Blue tits (and don't think that I am not snickering when I type that name) are passerines belonging to the family Paridae. In the States this family includes our several species of chickadees such as Black-capped and Carolina, and titmice, such at the Tufted and Bridled. Cyanistes is a common garden visiter throughout Europe and western Asia, and is for the most part a resident bird, meaning it does not migrate. A rather aggressive little puffball, it fearlessly defends its nest, even pecking at curious fingers, earning it the nickname "Little Billy Biter" in England. As far as nests, it will shack up in any hole in a tree, post, wall or nest box, even competing with bullying House sparrows. I wanted to show in the watercolor that they are also very adept avian acrobatics, often hanging upside down to get at whatever food they're trying to get at. There were quite a few nest boxes set up on balconies on Bernd's street that probably get plenty of use in the breeding season.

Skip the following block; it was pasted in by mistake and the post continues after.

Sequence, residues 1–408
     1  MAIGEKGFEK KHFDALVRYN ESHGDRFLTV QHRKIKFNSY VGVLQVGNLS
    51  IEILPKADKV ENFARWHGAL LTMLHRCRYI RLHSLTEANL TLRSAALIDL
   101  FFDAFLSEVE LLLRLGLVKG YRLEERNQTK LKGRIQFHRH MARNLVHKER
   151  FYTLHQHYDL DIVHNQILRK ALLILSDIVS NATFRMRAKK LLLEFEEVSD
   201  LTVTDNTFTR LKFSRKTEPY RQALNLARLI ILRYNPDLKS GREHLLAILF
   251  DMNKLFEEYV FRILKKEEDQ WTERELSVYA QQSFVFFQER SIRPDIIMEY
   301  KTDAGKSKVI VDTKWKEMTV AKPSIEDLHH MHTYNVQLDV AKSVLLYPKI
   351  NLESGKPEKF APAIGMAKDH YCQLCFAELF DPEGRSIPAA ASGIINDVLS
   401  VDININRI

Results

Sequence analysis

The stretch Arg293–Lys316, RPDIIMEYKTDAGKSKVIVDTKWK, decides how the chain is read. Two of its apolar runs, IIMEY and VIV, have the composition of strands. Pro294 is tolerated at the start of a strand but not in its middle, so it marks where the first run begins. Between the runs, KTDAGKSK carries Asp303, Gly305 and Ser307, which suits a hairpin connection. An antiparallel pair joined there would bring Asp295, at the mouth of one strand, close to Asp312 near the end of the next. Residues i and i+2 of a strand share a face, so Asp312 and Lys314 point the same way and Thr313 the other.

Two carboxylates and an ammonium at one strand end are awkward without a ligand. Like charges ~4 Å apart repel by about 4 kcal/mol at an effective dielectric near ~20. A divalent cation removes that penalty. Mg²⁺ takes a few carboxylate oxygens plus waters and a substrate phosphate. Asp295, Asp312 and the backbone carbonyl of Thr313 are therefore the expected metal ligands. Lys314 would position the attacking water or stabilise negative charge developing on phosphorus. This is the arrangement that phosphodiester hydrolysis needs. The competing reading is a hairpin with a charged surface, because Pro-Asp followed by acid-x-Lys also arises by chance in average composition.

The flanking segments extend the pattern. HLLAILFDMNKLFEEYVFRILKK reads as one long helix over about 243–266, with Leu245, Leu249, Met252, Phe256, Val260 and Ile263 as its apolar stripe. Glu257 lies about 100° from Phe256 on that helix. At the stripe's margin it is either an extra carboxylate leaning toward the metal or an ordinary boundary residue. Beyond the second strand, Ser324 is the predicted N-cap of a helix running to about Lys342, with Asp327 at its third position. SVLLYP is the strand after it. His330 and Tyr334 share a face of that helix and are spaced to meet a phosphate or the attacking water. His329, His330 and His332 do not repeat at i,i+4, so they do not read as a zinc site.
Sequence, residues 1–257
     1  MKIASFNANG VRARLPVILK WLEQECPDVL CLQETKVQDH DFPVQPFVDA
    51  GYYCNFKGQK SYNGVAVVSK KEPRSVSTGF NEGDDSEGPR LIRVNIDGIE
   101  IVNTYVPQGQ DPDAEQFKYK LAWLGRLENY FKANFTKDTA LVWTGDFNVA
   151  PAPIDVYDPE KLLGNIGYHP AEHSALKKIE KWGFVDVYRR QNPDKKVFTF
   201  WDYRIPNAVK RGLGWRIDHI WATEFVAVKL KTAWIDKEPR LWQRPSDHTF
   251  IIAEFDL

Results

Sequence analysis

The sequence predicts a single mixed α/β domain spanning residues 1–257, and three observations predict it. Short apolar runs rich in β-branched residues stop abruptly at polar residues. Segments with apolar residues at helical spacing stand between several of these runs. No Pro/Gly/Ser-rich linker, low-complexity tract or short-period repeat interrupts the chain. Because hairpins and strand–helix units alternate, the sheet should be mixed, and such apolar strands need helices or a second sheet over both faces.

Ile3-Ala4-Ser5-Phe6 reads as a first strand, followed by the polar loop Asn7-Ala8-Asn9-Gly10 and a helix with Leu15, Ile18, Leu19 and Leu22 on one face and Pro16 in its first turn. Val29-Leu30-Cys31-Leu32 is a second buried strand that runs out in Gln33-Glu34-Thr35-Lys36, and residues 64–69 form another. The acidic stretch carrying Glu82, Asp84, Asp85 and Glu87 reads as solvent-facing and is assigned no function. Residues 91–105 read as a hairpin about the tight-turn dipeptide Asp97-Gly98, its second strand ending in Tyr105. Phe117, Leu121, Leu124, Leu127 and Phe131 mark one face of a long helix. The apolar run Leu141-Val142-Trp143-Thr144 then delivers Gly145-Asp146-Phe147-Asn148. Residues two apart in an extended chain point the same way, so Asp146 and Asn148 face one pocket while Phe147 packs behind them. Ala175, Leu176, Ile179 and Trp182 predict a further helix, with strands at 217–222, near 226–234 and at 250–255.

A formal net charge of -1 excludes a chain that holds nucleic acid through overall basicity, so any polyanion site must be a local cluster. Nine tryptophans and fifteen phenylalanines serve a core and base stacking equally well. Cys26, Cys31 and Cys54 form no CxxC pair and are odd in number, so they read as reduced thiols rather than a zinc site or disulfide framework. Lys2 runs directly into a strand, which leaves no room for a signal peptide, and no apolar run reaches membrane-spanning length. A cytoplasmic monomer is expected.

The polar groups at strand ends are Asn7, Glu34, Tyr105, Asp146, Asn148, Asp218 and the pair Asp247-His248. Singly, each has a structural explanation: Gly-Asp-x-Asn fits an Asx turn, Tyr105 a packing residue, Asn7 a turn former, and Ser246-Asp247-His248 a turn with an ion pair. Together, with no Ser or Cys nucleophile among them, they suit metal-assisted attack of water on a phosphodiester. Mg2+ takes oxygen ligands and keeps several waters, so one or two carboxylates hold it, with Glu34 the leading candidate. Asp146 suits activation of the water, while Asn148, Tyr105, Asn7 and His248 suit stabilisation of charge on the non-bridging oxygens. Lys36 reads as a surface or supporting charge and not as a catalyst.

*chirp! painting in etsy shop.

Northern Parulas and Eastern Hemlock Forests

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October 20, 2008


Well, hello again! I returned from my travels a couple of weeks ago, and have finally managed to get back into my "normal" routine, so that means back to posting on Tiny Aviary. Fall is a busy time of year for Chicago area birders (and birds!) as so many species are coming through on their way south. While walking my trusty greyhound, Seth, one morning last week I saw my first Yellow-bellied sapsuckers. I've seen plenty in the prep lab at the museum, but this was my first time seeing them live and in the field. More about that in another post.